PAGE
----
Prophet Booms and Busts, From Rajineeshee to Peterson
Every age produced prophets who tell us to trust our dreams, promise salvation, the meaning of life, and the purpose of existence. Jonah, Amos and Hosea in Israel, Joel, Isaiah, Micah, and Habakkuk in Judah along with other biblical prophets like Jeremiah, Ezekiel and Daniel wrote their prophecies.
In modern times, L. Ronald Hubbard wrote a book titled Dianetics: The Modern Science of Mental Health and went on to found Scientology. Hubbard followed an ancient tradition. Kahlil Gibran went straight to the point in his book titled The Prophet. If you go to Goodreads, you will find a list of writer/prophets from Rabindranath Tagore to Thich Nhat Hanh. In the 1960s and 1970s proselytizing prophets included big names like Alan Watts, Terrance McKenna, and Timothy Leary. The point is there has never been a shortage of prophets writing books about their vision of existence, suffering and death and offering a pathway to salvation. In the 1980s Bhagwan Rajneeshee’s sermons were recorded and shared among the faithful. We should check the daily chart of prophets like we check the weather or stock market. A prophets’ fate fluctuates, with booms and busts, ups and downs, and roller coaster rides that aren’t for the faint of heart.
We are living through a prophet boom period. Reports like “The Intellectual Dark Web,” explained: what Jordan Peterson has in common with the alt-right by Henry Farrell place Jordan Peterson alongside of Sam Harris and Dave Rubin. These dark prophets are making a very good living as cultural contrarians. Like most inflated markets, this one will also go bust. If you could short this kind of prophet market, you make a pretty penny. Let’s have a closer look at the prophet who currently occupies the number one slot on the Dark Prophet Market (DPM).
He is University of Toronto psychology professor, Jordan Peterson. He is in the tradition of prophets who appear to have distilled the truth about the meaning of life from psychology, history, literature, philosophy, and social biology. His prophecies have capitalized on the alienation of young western white males and the community building capacity of the Internet and social media.
Prophets share a number of common characteristics and one of the central ones is their unwavering, absolute belief that they have discovered and are revealing the truth. Not an approximation of the truth. But the absolute truth. Doubt or uncertainty isn’t part of the prophet’s toolkit. The irony is Peterson’s conflating the entire left as a monolithic hive mind intent on establishing a totalitarian state. Nathan J. Robinson makes this very point in his Current Affairs “Two Way of Responding to Conservatives,” (2018).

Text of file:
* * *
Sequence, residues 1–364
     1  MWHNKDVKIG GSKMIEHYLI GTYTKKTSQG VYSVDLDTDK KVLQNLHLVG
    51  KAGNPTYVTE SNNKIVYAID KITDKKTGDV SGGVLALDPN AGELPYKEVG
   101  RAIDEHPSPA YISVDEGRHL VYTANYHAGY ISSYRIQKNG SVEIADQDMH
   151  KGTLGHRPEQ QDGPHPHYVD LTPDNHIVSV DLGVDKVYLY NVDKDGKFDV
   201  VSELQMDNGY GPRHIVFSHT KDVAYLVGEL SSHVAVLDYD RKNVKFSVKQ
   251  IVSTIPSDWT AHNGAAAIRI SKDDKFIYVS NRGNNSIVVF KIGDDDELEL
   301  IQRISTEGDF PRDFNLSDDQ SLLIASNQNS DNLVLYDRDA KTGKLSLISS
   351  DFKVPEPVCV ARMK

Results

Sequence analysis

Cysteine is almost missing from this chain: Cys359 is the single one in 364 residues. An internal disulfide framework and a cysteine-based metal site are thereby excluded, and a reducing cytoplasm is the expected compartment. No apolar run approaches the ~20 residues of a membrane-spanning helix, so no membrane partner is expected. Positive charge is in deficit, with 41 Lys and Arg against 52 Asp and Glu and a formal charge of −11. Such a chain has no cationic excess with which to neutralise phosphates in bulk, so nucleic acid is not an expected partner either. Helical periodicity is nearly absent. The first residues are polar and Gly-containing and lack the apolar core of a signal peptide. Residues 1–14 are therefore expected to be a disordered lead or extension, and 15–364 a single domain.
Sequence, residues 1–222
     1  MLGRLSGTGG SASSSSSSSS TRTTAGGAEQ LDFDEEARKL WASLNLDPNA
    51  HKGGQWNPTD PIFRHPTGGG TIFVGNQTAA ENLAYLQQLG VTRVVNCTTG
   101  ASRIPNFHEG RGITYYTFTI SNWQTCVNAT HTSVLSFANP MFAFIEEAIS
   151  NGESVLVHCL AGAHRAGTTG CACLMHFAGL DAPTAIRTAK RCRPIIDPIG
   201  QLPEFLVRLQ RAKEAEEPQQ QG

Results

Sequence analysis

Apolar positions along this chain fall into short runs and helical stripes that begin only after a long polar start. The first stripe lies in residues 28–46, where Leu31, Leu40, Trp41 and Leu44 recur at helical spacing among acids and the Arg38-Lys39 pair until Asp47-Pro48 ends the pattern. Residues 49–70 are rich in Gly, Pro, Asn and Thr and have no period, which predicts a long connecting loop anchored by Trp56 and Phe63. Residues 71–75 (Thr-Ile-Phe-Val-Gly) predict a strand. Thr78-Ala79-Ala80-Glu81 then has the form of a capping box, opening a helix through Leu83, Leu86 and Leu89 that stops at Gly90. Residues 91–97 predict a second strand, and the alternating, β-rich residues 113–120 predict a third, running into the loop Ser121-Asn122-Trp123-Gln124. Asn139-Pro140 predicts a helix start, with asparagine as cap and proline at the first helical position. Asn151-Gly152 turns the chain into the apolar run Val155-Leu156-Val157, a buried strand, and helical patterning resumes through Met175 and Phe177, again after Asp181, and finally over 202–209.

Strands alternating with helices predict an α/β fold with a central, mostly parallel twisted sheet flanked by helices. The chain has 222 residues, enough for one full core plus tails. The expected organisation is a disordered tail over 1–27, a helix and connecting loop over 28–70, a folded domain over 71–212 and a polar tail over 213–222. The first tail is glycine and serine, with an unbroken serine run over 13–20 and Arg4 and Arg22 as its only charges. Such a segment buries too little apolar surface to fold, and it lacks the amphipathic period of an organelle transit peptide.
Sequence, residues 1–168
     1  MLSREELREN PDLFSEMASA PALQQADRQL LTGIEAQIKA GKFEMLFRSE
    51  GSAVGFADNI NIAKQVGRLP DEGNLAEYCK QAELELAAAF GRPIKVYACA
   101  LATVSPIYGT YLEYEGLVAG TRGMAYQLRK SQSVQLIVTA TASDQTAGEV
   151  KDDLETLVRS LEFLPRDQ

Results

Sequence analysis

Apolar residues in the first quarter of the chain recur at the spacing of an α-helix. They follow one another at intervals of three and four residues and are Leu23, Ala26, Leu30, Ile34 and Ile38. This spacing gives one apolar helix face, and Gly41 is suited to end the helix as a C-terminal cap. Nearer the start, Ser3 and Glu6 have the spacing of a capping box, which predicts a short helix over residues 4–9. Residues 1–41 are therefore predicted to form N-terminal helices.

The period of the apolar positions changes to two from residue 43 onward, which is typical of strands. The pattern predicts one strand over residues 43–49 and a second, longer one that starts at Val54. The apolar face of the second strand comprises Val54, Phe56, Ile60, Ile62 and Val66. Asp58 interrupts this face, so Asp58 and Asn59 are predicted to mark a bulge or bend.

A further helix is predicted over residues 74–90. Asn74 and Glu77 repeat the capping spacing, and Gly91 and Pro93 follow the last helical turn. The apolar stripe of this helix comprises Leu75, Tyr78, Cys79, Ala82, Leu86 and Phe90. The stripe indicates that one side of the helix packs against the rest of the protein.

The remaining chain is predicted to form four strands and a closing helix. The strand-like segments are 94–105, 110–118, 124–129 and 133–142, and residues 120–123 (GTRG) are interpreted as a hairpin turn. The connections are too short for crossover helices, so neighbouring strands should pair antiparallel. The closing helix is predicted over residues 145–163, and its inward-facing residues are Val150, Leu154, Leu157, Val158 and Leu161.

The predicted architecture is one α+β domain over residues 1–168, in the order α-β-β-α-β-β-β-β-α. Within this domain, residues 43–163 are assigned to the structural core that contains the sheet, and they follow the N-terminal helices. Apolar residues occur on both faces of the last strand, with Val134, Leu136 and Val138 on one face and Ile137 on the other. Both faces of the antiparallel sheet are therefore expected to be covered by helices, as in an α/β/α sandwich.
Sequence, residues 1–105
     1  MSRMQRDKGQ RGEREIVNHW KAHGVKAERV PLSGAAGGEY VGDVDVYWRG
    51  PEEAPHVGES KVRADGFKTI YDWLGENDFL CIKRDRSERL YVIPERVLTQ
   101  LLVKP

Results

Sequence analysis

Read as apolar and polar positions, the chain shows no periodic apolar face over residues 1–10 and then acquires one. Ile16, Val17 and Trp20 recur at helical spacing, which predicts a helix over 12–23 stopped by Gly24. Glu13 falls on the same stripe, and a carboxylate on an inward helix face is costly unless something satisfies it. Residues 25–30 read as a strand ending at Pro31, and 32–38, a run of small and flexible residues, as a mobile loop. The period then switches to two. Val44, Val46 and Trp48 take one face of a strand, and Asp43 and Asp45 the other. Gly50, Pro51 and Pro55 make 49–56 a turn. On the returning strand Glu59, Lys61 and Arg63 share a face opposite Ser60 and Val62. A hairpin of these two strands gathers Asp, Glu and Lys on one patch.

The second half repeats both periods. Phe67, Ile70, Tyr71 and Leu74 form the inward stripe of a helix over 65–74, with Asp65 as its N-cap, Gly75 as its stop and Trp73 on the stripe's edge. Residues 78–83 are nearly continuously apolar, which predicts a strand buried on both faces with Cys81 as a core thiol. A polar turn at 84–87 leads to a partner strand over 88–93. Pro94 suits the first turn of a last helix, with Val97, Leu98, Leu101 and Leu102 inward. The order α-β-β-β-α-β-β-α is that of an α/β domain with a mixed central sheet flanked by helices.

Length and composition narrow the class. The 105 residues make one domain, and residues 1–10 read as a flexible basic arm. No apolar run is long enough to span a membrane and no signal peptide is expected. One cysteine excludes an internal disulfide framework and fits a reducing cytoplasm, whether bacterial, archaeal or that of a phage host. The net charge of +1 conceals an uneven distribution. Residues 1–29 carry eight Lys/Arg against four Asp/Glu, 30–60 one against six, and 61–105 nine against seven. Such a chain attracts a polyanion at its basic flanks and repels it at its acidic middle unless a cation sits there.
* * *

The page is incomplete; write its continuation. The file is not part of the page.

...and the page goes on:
To Peterson, there is no possibility that the left (like the right) is a wide spectrum of political positions and beliefs. Concentrating on the extremes or fringes of the left or right is cherry picking of the most dishonest kind. A genuine analysis and inquiry requires a nuance of thinking to nagivate often contradictory ideas and positions. And Peterson did acquire his number one rank on the DPM for engaging in such subtlety. Inside this self-selected manufactured world, the conflict—life and death of course as nothing else is dark enough—is a secular death match between two absolutist positions on political, economic and social life. They can’t be both right. With Peterson you feel his passion. He really believes the left is the cause of the problem that is on principle wrong, dangerous and like any infection must be stopped. Peterson has the blueprint for its replacement. In his worldview, you stick with this binary choice: Peterson’s way or the way of gulag with the leftist gatekeepers who are currently disguised as academics. It is this vile fifth force that must be defeated. Enough people (mainly young white males) have signed on to Peterson’s battle wagon.
There has been criticism that Peterson has been a lightning rod for disaffected youth. He winds them up into an adoring mob who protect him like the Queen bee who is the only purpose for all other bees in the life of the hive. Every writer wishes for such a devoted, fanatical and loyal audience. Peterson has gathered his fold into something not unlike Scientology. Let’s call it the Peterson’s Movement—which echoes science, sound secular, and promises sexual access. The promise, the ambition is to ‘liberate’ the oppressed male from the cultural slavery of the Left. Like Moses, Peterson, is parting the red sea of left-wing ideology and offering them a safe haven. All a disciple is required to do is to follow his 12 rules like stand up straight, shoulders back. Be precise in your speech. Tell the truth. Set your house in perfect order before you criticize the world. Here is a prophet who believes in and preaches ‘perfect order’ as an attainable goal. Keep that idea in mind and ask yourself what kind of mind believes that is even remotely possible? His philosophy has a structural precondition much like a Soviet Refrigerator Factory. You report to the big boss anything less than perfect order. For someone who rails against the left, he has a couple of things to put in order himself. Prophets are often bundles of contradiction and their believers and the faithful don’t let minor details bother them.